A popular social media myth appeared in July 2020 that stated hydroxychloroquine would be an effective “cure and vaccine” against COVID-19 and that the director of the National Institutes of Health, Dr Anthony Fauci knew this in 2005.
The article was written by Bryan Fischer, a former director of the American Family Association.
'Everyone knows' about the French Paradox – that is, the French consume lots of saturated fat in the form of meat, butter, cheese and eggs and yet have a low risk of heart disease. This proves that the health advice regarding the role of fats and saturated fats in causing heart disease is wrong.
The French Paradox has only been with us for a short period of time but it quickly resonated with the general population – we no longer need to be concerned about the amount of meat, butter, cheese and eggs that we consume.
The PREDIMED trial examined 7447 participants ranging from 55 to 80 years of age who were at high cardiovascular risk, but with no cardiovascular disease at enrollment, to one of three diets: a “Mediterranean Diet” supplemented with extra-virgin olive oil; a “Mediterranean Diet” supplemented with mixed nut; or a control diet with advice to reduce dietary fat.
The “Mediterranean Diet” was the participants normal diet.
50% of the participants that did not have metabolic syndrome at the start of the trial, were afflicted at the end of the trial.
Japan is at the top of the list for life expectancy and health. There are strong regional variations although the diet in recent decades has become more westernised and the variations in diet are becoming less distinct throughout Japan.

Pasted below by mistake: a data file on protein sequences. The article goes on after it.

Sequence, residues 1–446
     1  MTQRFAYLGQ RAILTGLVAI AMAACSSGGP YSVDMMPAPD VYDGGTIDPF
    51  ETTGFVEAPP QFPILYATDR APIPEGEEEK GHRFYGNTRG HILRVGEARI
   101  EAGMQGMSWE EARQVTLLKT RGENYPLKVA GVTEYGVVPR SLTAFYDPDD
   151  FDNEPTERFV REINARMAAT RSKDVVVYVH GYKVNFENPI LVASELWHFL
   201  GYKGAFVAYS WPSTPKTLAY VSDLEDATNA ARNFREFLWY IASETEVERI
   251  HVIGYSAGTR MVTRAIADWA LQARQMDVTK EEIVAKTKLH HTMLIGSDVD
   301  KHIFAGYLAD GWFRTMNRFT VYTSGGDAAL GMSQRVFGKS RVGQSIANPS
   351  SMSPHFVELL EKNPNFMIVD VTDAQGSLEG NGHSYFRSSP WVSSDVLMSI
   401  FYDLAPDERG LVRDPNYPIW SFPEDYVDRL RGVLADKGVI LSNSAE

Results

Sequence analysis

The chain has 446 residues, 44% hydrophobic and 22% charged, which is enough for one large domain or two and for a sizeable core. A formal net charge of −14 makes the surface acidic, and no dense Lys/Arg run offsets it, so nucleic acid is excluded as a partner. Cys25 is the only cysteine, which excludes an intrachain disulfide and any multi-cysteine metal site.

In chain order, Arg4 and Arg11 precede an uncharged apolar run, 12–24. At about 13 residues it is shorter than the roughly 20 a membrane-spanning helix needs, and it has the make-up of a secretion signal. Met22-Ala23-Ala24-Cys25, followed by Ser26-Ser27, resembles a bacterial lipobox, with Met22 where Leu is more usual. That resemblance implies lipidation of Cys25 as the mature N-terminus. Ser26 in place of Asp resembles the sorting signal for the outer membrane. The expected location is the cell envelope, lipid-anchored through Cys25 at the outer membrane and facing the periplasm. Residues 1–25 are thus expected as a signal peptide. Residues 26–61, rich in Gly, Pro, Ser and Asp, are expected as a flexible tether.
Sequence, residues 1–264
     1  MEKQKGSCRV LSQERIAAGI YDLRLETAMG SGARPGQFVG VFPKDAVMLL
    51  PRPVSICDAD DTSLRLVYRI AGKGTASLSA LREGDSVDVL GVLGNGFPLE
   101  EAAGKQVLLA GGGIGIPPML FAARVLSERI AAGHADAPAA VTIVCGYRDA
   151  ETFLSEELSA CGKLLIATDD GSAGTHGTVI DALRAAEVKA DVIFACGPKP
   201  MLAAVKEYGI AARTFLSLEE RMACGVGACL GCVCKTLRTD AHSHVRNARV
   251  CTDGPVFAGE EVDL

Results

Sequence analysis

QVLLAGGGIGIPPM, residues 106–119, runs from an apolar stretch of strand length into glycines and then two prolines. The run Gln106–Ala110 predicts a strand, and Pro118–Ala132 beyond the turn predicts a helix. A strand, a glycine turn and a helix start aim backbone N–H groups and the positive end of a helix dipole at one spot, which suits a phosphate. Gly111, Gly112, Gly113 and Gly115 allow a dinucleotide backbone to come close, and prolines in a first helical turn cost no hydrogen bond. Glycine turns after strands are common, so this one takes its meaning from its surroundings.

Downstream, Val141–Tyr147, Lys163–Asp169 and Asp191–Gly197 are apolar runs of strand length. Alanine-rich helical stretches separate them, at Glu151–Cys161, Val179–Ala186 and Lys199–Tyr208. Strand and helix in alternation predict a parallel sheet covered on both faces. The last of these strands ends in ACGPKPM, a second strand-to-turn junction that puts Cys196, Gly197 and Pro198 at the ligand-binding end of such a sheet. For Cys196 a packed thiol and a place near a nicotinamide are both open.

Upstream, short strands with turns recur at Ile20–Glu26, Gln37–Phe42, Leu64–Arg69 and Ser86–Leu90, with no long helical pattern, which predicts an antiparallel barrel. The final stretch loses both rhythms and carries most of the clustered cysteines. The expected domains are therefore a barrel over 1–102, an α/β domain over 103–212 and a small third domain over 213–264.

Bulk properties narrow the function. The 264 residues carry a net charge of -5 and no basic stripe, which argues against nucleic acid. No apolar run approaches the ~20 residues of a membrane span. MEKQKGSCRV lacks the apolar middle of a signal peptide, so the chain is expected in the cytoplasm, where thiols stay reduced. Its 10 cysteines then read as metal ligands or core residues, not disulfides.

A wide variety of dipping sauces accompany most meals. Udon is a thick wheat flour noodle and yakisoba is a buckwheat noodle. Soba is the Japanese name for buckwheat.
Despite the increase in dairy, egg and meat consumption in recent decades, Japan (according to the National Health and Nutrition Surveys) still consumes a predominately plant-based diet.
Hookaido had the lowest percentage of plant-based foods at 74.5% in 1980 and 82.2% in 2012. In 1980, Kanto II had the highest percentage at 78.2% with Hokuriku topping the list in 2012 with 84.5%.
Australia and the US consume approximately 30% of their diet from plant-based sources.
Autoimmune diseases are a group of sinister diseases where the immune system attacks the body that it was designed to protect. One mechanism that explains auto-immune conditions is molecular biomimicry. When intruders invade our bodies, the immune system creates antibodies that mark these intruders (antigens) as a foreign foe. The immune system then able to destroy the intruders.
During digestion, proteins from animal-based foods are broken down into their component amino acids. Some proteins may be absorbed from the intestine without being fully broken down into their amino acid components. Small chains of amino acids are called peptides. These peptides may be treated as a foreign invader by our immune system.